Incident with Logano leaves Truex fuming

FONTANA, CA - MARCH 20: Martin Truex Jr., driver of the #78 Furniture Row Toyota, races during the NASCAR Sprint Cup Series Auto Club 400 at Auto Club Speedway on March 20, 2016 in Fontana, California. (Photo by Jonathan Ferrey/Getty Images)
FONTANA, CA - MARCH 20:  Martin Truex Jr., driver of the #78 Furniture Row Toyota, races during the NASCAR Sprint Cup Series Auto Club 400 at Auto Club Speedway on March 20, 2016 in Fontana, California.  (Photo by Jonathan Ferrey/Getty Images)
FONTANA, CA – MARCH 20: Martin Truex Jr., driver of the #78 Furniture Row Toyota, races during the NASCAR Sprint Cup Series Auto Club 400 at Auto Club Speedway on March 20, 2016 in Fontana, California. (Photo by Jonathan Ferrey/Getty Images)

Martin Truex Jr. had one of the strongest cars in Sunday’s Auto Club Speedway before close-quarters racing from Joey Logano’s Ford sent him into the outside wall on Lap 152.

Truex insisted Logano hit him.

Though Truex was able to continue, things went from bad to worse for the driver of the No. 78 Toyota, who was flagged for speeding when he brought his car onto pit road two laps later to deal with the damage.

“We had a good run going until the No. 22 put our car into the fence,” said Truex, who finished 32nd. “There was a lot of right-side damage to the car, and we were pretty much toast after that incident. Not sure what he (Logano) was thinking about at the time, but that hit spoiled our day.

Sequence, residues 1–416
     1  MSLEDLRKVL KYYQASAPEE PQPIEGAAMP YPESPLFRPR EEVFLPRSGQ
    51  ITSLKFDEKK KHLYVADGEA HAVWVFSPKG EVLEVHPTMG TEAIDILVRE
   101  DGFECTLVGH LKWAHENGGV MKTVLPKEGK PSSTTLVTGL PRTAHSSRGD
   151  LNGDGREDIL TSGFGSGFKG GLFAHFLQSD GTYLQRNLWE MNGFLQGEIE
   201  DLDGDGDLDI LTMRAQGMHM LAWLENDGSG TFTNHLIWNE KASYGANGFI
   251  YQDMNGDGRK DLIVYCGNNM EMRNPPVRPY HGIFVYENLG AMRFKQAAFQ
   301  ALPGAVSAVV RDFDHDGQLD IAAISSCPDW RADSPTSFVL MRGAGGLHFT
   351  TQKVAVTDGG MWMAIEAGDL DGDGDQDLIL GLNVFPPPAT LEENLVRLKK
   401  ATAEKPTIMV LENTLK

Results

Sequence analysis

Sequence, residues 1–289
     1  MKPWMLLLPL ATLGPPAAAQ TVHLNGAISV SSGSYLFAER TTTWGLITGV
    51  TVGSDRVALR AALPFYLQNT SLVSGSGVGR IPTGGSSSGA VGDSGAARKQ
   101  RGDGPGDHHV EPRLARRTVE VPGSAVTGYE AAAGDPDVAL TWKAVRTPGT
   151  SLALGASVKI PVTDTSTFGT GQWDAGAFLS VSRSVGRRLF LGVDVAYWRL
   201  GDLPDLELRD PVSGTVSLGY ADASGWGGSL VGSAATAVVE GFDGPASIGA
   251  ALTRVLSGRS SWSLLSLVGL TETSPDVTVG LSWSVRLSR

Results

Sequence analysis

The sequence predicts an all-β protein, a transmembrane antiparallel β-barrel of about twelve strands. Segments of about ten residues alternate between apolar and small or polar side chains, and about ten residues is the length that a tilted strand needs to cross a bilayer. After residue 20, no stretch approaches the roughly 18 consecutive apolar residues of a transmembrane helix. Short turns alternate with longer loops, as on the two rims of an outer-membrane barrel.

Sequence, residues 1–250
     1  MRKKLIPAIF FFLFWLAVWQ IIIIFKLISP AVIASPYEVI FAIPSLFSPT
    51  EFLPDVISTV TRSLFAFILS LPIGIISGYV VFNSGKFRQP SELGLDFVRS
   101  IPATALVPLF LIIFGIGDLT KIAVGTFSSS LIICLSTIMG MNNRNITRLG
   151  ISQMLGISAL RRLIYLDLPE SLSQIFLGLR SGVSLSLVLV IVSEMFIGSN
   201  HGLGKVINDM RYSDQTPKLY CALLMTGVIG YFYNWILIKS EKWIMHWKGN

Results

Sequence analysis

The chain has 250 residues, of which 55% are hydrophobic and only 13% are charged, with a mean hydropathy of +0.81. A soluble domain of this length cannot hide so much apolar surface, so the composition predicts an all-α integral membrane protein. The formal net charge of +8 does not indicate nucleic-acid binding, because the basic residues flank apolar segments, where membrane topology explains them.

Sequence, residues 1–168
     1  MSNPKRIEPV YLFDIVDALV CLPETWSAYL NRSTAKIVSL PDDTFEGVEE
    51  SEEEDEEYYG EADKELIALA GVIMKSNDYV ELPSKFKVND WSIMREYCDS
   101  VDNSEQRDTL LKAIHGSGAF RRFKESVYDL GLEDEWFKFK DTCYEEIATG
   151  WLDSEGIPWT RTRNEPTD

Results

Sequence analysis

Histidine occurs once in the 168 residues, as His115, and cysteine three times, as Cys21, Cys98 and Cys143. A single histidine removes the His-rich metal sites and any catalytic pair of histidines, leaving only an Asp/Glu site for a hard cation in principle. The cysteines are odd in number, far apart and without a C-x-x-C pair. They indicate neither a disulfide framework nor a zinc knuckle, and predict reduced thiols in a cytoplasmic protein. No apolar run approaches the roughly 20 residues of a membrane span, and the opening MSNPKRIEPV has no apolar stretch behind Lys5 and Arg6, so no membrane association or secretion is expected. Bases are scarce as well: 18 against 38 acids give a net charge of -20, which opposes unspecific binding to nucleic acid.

“We went from being a contender to the back of the field. Really frustrating to have a good car and not have anything to show for it. I think we were running in or close to the top five when the 22 rammed our Furniture Row/Denver Mattress Toyota.”

Logano took responsibility for the incident, though he disagreed there was contact between the cars.

“It was completely my fault,” he said. “I was going to go in on the outside of him, and he was going to go in on the top as well, and I just ended up being right on him. We never touched each other, but just taking the air off these cars makes them uncontrollable. I didn’t mean to do that.

“I was going to try to go to the top, and I just got a little bit close to him and got him free, so I’m taking the hit on that one.”

About Greg Engle 7420 Articles
Greg is a published award winning sportswriter who spent 23 years combined active and active reserve military service, much of that in and around the Special Operations community. Greg is the author of "The Nuts and Bolts of NASCAR: The Definitive Viewers' Guide to Big-Time Stock Car Auto Racing" and has been published in major publications across the country including the Los Angeles Times, the Cleveland Plain Dealer and the Atlanta Journal-Constitution. He was also a contributor to Chicken Soup for the NASCAR Soul, published in 2010, and the Christmas edition in 2016. He wrote as the NASCAR, Formula 1, Auto Reviews and National Veterans Affairs Examiner for Examiner.com and has appeared on Fox News. He holds a BS degree in communications, a Masters degree in psychology and is currently a PhD candidate majoring in psychology. He is currently the weekend Motorsports Editor for Autoweek.